How to Probate a Washington Descendant's Estate ---
To "Do It Yourself" without a Lawyer

Who Is Entitled to Notice of Hearing for a Petition for Nonintervention Powers?

The Law

RCW 11.68.041(2) provides as follows:

 (2) In … cases [in which notice is required to be given], if the petitioner wishes to obtain nonintervention powers, the personal representative shall give notice of the petitioner’s intention to apply to the court for nonintervention powers to all heirs, all beneficiaries of a gift under the Decedent’s will, and all persons who have requested, and who are entitled to, [Special Notice] under RCW 11.28.240, except that:

(a) A person is not entitled to notice if the person has, in writing, either waived notice of the hearing or consented to the grant of nonintervention powers; and

(b) An heir who is not also a beneficiary of a gift under a will is not entitled to notice if the will has been probated and the time for contesting the validity of the will has expired.

The Result

Assuming that:

  • No one has waived notice of the hearing on, or consented to, your being granted Nonintervention Powers, and
  • If Decedent died testate, four months have not elapsed since his/her Will was admitted to probate, …

then the persons who are entitled to Notice of the hearing on a Petition for Nonintervention Powers are:

  1. Decedent’s heirs — those individuals who would take the estate if the Decedent had died intestate (See: Decedent’s Heirs);
  2. Decedent’s beneficiaries — those individuals and organizations who would take the estate according to the terms of Decedent’s Will had he/she died testate (See: Decedent’s Beneficiaries); and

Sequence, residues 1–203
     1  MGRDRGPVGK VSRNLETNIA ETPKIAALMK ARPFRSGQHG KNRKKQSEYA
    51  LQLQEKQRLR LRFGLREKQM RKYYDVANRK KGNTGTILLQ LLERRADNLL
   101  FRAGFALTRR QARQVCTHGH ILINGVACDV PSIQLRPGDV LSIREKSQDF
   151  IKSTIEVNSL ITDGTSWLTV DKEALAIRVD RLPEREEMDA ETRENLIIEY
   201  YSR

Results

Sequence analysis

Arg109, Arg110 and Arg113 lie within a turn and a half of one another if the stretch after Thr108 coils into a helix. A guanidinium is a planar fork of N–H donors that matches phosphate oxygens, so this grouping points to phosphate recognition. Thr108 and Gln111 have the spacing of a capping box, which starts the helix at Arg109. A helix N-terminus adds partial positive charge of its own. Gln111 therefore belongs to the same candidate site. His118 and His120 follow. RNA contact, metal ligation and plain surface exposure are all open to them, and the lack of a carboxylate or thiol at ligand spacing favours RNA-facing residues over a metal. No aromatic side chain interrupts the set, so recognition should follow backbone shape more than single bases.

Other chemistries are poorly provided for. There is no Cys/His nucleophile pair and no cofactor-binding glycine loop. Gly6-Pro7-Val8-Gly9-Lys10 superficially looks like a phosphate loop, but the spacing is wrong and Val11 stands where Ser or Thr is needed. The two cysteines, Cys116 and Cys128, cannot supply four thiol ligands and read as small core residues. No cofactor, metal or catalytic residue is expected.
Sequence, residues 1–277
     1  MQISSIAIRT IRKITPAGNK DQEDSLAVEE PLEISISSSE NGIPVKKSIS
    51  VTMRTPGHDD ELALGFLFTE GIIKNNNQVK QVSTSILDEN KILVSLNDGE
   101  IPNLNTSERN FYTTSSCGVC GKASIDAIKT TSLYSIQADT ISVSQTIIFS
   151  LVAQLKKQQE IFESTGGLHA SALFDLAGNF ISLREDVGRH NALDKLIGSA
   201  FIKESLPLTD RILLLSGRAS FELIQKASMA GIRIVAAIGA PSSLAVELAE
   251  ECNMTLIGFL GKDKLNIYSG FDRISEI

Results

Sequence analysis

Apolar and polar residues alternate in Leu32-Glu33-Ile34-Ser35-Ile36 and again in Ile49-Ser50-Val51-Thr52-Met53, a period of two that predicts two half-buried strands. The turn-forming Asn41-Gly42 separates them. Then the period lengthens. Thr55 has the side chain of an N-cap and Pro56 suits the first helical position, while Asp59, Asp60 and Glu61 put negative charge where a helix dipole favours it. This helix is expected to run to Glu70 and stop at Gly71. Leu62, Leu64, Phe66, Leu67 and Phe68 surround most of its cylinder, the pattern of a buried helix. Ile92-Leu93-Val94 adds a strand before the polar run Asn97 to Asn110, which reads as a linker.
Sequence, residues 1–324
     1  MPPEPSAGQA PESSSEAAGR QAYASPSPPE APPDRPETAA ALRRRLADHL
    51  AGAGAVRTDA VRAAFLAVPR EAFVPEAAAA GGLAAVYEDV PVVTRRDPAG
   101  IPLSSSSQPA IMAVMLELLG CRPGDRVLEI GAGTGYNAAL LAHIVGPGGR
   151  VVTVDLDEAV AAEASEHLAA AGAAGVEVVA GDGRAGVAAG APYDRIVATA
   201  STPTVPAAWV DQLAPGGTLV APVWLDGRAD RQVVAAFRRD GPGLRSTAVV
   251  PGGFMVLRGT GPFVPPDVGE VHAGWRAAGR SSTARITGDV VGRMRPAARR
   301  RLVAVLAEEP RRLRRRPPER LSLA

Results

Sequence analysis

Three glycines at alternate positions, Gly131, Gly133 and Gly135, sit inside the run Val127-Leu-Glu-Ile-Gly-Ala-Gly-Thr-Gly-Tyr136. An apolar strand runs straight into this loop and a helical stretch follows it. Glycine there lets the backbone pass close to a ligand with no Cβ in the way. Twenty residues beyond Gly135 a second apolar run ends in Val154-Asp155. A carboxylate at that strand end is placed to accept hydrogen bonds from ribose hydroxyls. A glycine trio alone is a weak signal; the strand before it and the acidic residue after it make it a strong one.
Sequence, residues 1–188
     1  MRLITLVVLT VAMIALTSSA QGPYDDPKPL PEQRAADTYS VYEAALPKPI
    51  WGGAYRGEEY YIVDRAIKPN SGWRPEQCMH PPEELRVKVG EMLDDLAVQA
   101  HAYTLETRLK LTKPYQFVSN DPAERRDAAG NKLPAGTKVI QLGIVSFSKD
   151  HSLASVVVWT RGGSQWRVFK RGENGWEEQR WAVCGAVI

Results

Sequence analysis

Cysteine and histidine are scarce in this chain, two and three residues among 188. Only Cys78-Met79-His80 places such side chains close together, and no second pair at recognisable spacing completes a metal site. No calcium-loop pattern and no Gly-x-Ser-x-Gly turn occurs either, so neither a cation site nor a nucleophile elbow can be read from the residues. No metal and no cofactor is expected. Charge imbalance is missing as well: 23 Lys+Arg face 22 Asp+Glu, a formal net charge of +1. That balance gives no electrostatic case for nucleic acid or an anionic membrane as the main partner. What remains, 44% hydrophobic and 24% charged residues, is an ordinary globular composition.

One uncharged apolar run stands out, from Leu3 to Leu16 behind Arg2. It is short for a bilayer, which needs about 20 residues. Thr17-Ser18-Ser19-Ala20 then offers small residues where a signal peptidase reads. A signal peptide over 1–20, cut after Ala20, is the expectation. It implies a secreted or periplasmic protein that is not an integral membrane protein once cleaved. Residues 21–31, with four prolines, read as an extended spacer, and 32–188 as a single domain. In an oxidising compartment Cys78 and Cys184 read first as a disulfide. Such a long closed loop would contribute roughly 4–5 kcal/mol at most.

3. Those persons who have requested and are entitled to receive Special Notice under RCW 11.28.240.

Caution: Determining the identity of a Decedent’s heirs, especially in a large, extended family, can be complicated, for example:

  1. Going up one level of kinship & then down — If the Decedent:
    1. Is not survived by children (or lower issue) but
    2. Is survived by one or more:
      1. Parents or
      2. Their children (or lower issue) (ie, siblings — Decedent’s brothers or sisters, nephews or nieces, etc.); or
  2. Going down more than one level of kinship — If the Decedent is survived by:
    1. Multiple generations, and
    2. One or more of the Decedent’s children have predeceased leaving children of their own who have survived the Decedent.

Throughout the process of determining the identity of a Decedent’s heirs, one is guided by the traditional legal principal known as the “right of representation,” which is, indeed, a trap for the unwary.  See: Becoming an Heir by Right of Representation.